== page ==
MICHEL ORION SCOTT - Adult Instructor

Michel spent most of his youth exploring the wooded areas of central Texas where he was born and raised. After earning a degree in film from the University of Texas, Michel went on to crew, direct, and produce numerous successful films that have been screened and distributed all over the world.

After 12 years in the film business, Michel has never lost touch with his childhood love for the nature and continues to use his career in film as a vehicle to learn from native cultures in various locations of the earth.  From Botswana to Bolivia, Namibia to Mongolia and many places in-between, Michel has studied with and been deeply inspired by the way of life of the indigenous peoples that he has been fortunate enough to spend time with.  It is with great humility that Michel passes on this wisdom to those who seek it. And he sees it as a great honor to learn much in the process from those who listen and share his passions.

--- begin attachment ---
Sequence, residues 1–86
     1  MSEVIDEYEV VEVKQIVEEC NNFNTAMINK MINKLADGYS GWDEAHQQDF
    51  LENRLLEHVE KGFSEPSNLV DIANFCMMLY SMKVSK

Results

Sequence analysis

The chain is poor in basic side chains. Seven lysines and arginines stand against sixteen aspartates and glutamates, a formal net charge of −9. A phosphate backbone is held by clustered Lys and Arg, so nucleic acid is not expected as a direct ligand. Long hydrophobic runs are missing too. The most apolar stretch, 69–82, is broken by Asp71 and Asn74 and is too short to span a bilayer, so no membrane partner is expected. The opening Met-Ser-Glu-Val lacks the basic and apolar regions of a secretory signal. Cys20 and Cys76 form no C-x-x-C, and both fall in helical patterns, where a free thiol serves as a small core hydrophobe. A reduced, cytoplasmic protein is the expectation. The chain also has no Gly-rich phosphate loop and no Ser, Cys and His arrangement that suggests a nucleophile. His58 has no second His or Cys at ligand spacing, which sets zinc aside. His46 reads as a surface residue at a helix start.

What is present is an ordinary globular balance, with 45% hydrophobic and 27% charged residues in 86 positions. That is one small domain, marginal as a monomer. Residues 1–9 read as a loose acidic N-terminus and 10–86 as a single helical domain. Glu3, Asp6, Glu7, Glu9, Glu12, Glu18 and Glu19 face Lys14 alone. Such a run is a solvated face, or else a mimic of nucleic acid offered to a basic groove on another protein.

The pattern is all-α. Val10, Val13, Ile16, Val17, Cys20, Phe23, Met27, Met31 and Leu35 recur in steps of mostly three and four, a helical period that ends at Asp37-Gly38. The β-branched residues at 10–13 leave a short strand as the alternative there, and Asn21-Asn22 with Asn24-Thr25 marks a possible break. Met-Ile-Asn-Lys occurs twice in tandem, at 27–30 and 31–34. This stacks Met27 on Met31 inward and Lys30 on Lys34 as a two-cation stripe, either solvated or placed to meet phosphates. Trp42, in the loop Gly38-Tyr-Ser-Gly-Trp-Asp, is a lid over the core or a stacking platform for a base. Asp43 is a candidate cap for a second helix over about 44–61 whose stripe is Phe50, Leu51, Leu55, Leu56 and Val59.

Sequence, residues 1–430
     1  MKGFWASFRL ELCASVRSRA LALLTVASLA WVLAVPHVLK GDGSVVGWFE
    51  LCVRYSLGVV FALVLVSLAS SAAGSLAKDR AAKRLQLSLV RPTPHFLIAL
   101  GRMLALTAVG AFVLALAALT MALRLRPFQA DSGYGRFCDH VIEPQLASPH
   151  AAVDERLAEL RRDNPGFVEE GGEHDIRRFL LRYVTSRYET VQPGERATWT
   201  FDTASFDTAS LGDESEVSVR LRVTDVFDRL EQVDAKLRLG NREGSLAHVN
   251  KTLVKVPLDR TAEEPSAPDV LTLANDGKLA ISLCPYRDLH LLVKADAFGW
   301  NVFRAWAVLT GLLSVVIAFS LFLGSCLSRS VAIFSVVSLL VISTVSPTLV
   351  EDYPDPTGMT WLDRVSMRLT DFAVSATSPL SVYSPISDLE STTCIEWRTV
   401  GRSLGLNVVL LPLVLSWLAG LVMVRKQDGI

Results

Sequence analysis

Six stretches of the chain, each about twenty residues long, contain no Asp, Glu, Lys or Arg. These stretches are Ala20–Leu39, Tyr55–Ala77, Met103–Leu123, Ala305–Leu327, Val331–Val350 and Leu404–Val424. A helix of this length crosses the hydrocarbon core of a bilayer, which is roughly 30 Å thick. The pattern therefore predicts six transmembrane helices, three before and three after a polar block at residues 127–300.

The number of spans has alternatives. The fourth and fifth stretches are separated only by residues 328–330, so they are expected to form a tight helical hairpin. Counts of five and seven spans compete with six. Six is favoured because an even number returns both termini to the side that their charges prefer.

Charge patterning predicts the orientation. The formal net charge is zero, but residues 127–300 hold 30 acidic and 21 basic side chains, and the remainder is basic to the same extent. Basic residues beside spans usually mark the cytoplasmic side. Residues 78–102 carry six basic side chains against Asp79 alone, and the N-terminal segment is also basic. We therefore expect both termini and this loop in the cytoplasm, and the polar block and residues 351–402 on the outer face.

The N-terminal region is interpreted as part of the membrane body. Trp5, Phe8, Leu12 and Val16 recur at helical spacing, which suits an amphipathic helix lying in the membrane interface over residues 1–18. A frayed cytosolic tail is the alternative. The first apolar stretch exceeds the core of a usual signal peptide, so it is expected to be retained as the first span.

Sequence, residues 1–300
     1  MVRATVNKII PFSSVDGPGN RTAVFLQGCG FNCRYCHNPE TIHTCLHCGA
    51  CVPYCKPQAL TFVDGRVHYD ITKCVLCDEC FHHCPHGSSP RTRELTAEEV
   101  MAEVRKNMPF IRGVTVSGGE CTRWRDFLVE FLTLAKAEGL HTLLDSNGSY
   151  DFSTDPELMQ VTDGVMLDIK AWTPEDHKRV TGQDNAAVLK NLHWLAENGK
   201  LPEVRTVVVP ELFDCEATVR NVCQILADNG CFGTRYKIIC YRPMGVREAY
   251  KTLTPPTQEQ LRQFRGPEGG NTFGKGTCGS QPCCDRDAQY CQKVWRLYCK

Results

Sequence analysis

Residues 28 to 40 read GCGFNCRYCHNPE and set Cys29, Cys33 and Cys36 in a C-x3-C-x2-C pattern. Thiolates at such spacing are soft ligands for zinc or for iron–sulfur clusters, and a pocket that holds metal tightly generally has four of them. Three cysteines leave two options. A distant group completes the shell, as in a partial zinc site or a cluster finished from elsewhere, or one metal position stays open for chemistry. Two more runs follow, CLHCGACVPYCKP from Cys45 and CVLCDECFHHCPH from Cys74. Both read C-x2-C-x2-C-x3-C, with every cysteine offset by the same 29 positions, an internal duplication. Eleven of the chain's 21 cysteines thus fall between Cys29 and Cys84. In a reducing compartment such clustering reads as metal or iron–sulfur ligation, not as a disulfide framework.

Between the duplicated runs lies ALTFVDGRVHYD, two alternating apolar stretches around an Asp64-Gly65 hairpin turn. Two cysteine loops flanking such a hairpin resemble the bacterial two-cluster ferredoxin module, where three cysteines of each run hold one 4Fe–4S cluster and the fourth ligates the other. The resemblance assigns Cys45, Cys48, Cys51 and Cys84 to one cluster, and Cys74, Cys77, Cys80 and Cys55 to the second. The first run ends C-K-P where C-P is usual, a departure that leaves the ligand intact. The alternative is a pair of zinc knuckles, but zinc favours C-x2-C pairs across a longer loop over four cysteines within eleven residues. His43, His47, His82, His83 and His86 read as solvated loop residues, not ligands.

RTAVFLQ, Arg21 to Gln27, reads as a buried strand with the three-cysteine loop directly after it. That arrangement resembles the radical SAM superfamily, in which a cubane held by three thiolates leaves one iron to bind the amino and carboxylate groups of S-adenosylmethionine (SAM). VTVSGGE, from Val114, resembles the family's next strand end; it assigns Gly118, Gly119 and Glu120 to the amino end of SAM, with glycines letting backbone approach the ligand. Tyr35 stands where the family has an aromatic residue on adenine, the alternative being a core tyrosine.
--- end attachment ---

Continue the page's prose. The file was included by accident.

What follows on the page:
MICHELLE CARBONE - Youth Programs Coordinator/Youth Instructor

Born and raised in the Midwest, Michelle has traveled across the States before landing in Austin. After living in St. Louis, Milwaukee, Ohio, and even Yellowstone National Park, she has become familiar with the natural wonders existing all across the States. Once she received an undergraduate degree from Marquette University in Urban and Environmental Affairs, she began sharing her love and knowledge of the natural world.